Jones dedicated Thursdays to dispensing solutions to personal problems of health, love and business. To a citizen with an ulcer, for example, he would say, “I adjust your stomach. It is adjusted.” Citizens wishing to pose their personal problems privately whispered them in the prophet’s ear. He allotted each petitioner one minute’s time, for a fee of ten dollars. On a busy Thursday his intake often reached $4,000.

Jones had ingenious ways of raising money. When a photograph of him appeared in the old Detroit Tribune, which sold for ten cents, he bought up hundreds of copies, reselling them to his congregation for five dollars a copy citing their “miraculous curative” properties. Rumor had it that Jones also dispensed lucky numbers to some of his followers for a fee, who then played them with numbers racketeers who often hung around outside the church.

Jones claimed to be the embodiment of the Savior. Many blacks and some whites believed fervently in his divinity. They expressed their adoration by lavishing him with costly gifts: a five-carat, $10,000 topaz ring, a $6,000 diamond bracelet watch, a $17,000 bracelet with 812 diamonds. A $13,500 mink coat was given to him in 1953 by two Chicago school teachers, who credited Jones with curing their sick mother.

When he traveled to New York in 1954 he rode in a Cadillac, carried a gold-handled cane and was accompanied by four valets, four bodyguards, three secretaries, a cook, a dietitian, a housekeeper, a hairdresser, three musicians and 60 singers.

No one ever knew what the prophet’s actual earnings were. He regularly filed income tax returns claiming income of less than $5,000 yearly. His sect was chartered under state law as a nonprofit corporation and the money taken in was presumed spent on organizational expenses only, making it tax exempt

The prophet’s popularity diminished in 1956 after he was accused of gross indecency. Although he was acquitted in Detroit’s Recorder’s Court, his influence waned, and he moved to Chicago, commuting between the two cities.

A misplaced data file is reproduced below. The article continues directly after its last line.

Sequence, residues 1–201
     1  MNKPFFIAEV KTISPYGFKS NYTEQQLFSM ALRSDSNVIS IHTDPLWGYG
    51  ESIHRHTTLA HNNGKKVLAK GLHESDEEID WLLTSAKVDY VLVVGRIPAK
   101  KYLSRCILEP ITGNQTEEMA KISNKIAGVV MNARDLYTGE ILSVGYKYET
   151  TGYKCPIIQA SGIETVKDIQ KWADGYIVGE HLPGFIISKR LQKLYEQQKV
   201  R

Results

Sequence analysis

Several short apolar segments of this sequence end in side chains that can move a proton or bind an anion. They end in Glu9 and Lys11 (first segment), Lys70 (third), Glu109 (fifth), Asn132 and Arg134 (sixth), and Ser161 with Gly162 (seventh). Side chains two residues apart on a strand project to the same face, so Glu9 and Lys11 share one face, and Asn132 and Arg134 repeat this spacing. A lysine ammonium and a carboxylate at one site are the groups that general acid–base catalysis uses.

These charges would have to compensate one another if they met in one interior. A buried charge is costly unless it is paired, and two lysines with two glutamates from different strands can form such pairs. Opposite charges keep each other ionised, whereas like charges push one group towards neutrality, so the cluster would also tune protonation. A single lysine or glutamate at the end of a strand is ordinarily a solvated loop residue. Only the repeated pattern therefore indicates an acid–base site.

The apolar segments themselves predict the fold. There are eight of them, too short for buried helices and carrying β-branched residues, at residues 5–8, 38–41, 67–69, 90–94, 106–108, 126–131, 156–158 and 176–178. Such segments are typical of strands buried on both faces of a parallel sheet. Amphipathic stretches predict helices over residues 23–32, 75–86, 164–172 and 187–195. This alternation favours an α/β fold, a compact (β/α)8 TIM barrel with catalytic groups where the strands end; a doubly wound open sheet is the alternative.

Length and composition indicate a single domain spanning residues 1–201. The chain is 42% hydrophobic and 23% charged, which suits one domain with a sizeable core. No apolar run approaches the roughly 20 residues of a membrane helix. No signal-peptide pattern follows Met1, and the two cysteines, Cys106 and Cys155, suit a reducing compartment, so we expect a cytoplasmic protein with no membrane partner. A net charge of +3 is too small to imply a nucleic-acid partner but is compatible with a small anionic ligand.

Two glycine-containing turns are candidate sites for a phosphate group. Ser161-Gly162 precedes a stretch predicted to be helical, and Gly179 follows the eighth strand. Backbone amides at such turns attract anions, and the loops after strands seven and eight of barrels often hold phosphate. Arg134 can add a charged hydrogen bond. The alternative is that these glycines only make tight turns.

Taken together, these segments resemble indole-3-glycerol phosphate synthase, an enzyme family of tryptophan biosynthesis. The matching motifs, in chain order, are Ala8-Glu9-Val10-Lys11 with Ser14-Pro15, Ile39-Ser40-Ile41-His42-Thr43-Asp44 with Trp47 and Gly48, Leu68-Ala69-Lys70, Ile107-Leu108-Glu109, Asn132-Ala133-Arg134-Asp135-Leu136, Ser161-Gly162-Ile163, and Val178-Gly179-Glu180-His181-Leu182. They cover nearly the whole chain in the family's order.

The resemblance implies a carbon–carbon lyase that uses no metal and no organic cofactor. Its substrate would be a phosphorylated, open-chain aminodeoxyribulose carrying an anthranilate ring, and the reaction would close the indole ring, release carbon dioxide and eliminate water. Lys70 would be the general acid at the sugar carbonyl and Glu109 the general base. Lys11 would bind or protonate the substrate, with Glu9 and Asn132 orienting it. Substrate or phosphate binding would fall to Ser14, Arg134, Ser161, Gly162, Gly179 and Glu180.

On one visit to Detroit in 1966 Jones predicted the war in Vietnam “will end soon with America triumphant.” Jones made his prediction before some 300 followers on the steps of the Old County Building. “This is the greatest country in the world,” he said, “and it offers freedom to anyone who will accept it. God has let this war go on because he wants to show the devil, who started it, that he can still master the world by stopping it.”

Jones’ only serious competitor in Detroit was the Rev. James Lofton, whose somewhat less sensational revivalist services attracted a large congregation two or three times a week in another former movie house not far from where the prophet preached. Jones offered Lofton a kind of reciprocal-trade agreement. Once a month, each preacher brought his congregation, donations and all, to the other’s service.

A stroke in October 1970, robbed Jones of his speech and ability to walk. He died Aug. 12, 1971, of a heart attack at the home of a friend on LaSalle Boulevard in Detroit.

Approximately 15,000 people paid their last respects, and more than 2,000 attended a three- hour service in the Adlai Stevenson Building Auditorium on Grand River. Twenty ministers came from 36 states and the West Indies to take part in the services. Detroit’s black community leaders also attended.

The Rev. John Smettler, who was once an altar boy for Jones, was among many who spoke at the service. He ended with Jones’ well-known phrase: “All is well, All is well, All is well.”

The prophet was buried in his silver-embroidered robe in a bronze coffin at Elmwood cemetery.


Prophet Jones on his throne inside the church. A telephone was nearby “in case anyone should want to call during service.”

(This story was compiled using clip and photo files from The Detroit News Library.)

By Zena Simmons / The Detroit News